Saturday, January 30, 2010

The Super Green List

Connecting Human and Ocean Health
Seafood plays an important role in a balanced diet. It's often rich in omega-3 fatty acids, which help boost immunity and reduce the risk of heart disease, stroke, cancer and other ailments. Omega-3s are especially important for pregnant and nursing women, and young children. Unfortunately, some fish carry toxins that can become harmful when eaten frequently.

Good for You, Good for the Oceans

Combining the work of conservation and public health organizations, the Monterey Bay Aquarium has identified seafood that is "Super Green," meaning that it is good for human health and does not harm the oceans. The Super Green list highlights products that are currently on the Seafood Watch "Best Choices" (green) list, are low in environmental contaminants and are good sources of long-chain omega-3 fatty acids.

This effort draws from experts in human health, notably scientists from the Harvard School of Public Health (HSPH) and Environmental Defense Fund (EDF). The Monterey Bay Aquarium will continue to work with these organizations to balance the health and environmental attributes of seafood.

The Super Green list includes seafood that meets the following three criteria:
  • Low levels of contaminants (below 216 parts per billion [ppb] mercury and 11 ppb PCBs)
  • The daily minimum of omega-3s (at least 250 milligrams per day [mg/d])*
  • Classified as a Seafood Watch "Best Choice" (green)

Contaminants in Seafood

Seafood contaminants include metals (such as mercury, which affects brain function and development), industrial chemicals (PCBs and dioxins) and pesticides (DDT). These toxins usually originate on land and make their way into the smallest plants and animals at the base of the ocean food web. As smaller species are eaten by larger ones, contaminants are concentrated and accumulated. Large predatory fish—like swordfish and shark—end up with the most toxins. You can minimize risks by choosing seafood carefully. Use our Super Green list and learn more about contaminants in seafood on the EDF website.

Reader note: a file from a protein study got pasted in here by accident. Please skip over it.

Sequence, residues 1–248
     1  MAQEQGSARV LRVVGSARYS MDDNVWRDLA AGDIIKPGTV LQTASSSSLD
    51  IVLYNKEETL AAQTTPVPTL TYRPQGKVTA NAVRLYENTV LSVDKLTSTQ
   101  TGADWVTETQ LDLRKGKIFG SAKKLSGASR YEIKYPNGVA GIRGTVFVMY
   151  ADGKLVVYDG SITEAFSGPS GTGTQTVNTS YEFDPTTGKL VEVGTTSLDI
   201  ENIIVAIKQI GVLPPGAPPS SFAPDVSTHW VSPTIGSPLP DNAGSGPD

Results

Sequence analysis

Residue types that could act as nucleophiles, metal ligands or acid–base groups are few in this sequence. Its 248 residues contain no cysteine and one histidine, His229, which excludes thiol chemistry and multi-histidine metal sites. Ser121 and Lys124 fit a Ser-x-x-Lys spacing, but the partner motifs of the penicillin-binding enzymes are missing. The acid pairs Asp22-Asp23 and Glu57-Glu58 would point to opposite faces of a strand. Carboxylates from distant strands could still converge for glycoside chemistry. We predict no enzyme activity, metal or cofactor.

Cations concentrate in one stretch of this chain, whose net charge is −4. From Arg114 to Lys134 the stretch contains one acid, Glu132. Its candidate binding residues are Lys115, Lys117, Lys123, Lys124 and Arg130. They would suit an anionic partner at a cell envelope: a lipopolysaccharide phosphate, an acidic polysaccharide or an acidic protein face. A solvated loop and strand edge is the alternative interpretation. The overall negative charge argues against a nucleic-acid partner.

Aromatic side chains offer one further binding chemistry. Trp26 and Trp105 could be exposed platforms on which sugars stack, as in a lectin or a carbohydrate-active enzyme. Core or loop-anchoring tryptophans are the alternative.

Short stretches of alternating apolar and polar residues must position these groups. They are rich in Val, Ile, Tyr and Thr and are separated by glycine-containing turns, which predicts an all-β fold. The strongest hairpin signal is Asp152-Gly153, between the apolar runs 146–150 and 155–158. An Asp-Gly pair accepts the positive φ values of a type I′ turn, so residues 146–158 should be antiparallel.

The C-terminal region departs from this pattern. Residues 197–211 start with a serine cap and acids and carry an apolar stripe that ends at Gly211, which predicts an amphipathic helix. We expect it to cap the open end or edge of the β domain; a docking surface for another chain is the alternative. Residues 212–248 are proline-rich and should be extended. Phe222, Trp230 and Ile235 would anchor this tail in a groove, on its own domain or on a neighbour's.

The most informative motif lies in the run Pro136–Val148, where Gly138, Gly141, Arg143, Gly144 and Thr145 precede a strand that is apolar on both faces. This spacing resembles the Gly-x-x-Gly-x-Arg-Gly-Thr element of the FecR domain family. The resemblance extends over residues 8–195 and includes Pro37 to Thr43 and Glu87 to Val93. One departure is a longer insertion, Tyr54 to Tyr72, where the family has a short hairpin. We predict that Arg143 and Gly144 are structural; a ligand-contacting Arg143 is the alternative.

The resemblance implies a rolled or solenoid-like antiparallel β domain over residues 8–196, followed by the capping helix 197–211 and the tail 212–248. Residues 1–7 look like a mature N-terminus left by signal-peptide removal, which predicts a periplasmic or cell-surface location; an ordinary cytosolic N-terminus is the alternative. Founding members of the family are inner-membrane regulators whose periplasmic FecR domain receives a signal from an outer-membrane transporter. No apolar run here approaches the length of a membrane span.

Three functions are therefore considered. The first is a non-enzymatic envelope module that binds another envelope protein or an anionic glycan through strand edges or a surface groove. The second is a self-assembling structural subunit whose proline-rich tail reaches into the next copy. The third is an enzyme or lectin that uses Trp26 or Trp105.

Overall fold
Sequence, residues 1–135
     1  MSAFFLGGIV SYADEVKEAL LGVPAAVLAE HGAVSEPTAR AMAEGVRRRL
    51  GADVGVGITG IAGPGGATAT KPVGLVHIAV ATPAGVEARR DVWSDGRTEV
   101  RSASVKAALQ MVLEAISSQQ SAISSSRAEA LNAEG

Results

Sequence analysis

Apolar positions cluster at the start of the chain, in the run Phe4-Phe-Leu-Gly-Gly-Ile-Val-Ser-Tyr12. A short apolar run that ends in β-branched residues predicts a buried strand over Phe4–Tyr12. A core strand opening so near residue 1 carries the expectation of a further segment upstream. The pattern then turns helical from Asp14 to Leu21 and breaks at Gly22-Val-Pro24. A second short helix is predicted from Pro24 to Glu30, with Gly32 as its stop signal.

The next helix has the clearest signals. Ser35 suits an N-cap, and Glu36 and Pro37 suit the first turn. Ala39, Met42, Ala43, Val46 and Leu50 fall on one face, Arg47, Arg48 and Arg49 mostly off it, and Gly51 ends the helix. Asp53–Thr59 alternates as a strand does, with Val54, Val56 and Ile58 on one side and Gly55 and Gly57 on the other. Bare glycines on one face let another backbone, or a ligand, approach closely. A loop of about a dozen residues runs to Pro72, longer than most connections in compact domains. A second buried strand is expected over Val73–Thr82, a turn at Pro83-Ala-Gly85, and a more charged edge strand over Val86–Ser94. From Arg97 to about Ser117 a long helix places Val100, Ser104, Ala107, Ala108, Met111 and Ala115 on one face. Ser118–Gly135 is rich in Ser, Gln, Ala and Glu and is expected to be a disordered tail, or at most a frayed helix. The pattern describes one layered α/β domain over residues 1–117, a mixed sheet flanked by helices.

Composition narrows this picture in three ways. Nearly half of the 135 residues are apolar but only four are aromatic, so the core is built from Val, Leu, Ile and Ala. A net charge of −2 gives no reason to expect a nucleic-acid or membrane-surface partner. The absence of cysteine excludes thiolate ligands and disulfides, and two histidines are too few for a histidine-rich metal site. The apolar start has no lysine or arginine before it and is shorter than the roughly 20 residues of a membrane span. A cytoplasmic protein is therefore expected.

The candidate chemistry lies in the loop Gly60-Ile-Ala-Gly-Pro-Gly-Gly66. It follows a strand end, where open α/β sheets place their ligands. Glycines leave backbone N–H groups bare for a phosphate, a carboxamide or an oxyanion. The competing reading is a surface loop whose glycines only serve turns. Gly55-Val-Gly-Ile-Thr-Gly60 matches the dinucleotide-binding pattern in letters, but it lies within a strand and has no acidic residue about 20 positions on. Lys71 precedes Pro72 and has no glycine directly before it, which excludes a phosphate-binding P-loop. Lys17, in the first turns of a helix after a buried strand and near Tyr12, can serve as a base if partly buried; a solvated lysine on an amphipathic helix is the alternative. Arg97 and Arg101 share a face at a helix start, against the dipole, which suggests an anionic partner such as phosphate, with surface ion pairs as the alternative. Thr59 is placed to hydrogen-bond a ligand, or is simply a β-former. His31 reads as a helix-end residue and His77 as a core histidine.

*The Best of the Best: January 2010
  • Albacore Tuna (troll- or pole-caught, from the U.S. or British Columbia)
  • Freshwater Coho Salmon (farmed in tank systems, from the U.S.)
  • Mussels (farmed)
  • Oysters (farmed)
  • Pacific Sardines (wild-caught)
  • Pink Shrimp (wild-caught, from Oregon)
  • Rainbow Trout (farmed)
  • Salmon (wild-caught, from Alaska)
  • Spot Prawns (wild-caught, from British Columbia)

**Other Healthy "Best Choices"
  • Arctic Char (farmed)
  • Bay Scallops (farmed)
  • Crayfish (farmed, from the U.S.)
  • Dungeness Crab (wild-caught, from California, Oregon or Washington)
  • Longfin Squid (wild-caught, from the U.S. Atlantic)
  • Pacific Cod (longline-caught, from Alaska)

*The "Super Green" list is based on dietary requirements for an average woman of childbearing age (18- 45, 154 pounds) eating 8 ounces of fish per week. The list also applies to men and children; children should eat age-appropriate portions to maximize their health benefits while minimizing risk. The recommendation of 250 mg of omega-3s refers to the combined level of two omega-3s of primary importance to human health: eicosapentanoic acid (EPA) and docosahexanoic acid (DHA).

**Other Healthy "Best Choices" are low in contaminants and provide a smaller amount of omega-3s (between 100 and 250 mg/d, assuming 8 ounces of fish per week)

Contaminant data are from EDF, drawn from more than 250 government databases and peer-reviewed scientific studies on seafood contaminants.

Omega-3 data are primarily from the USDA Nutrient Database.

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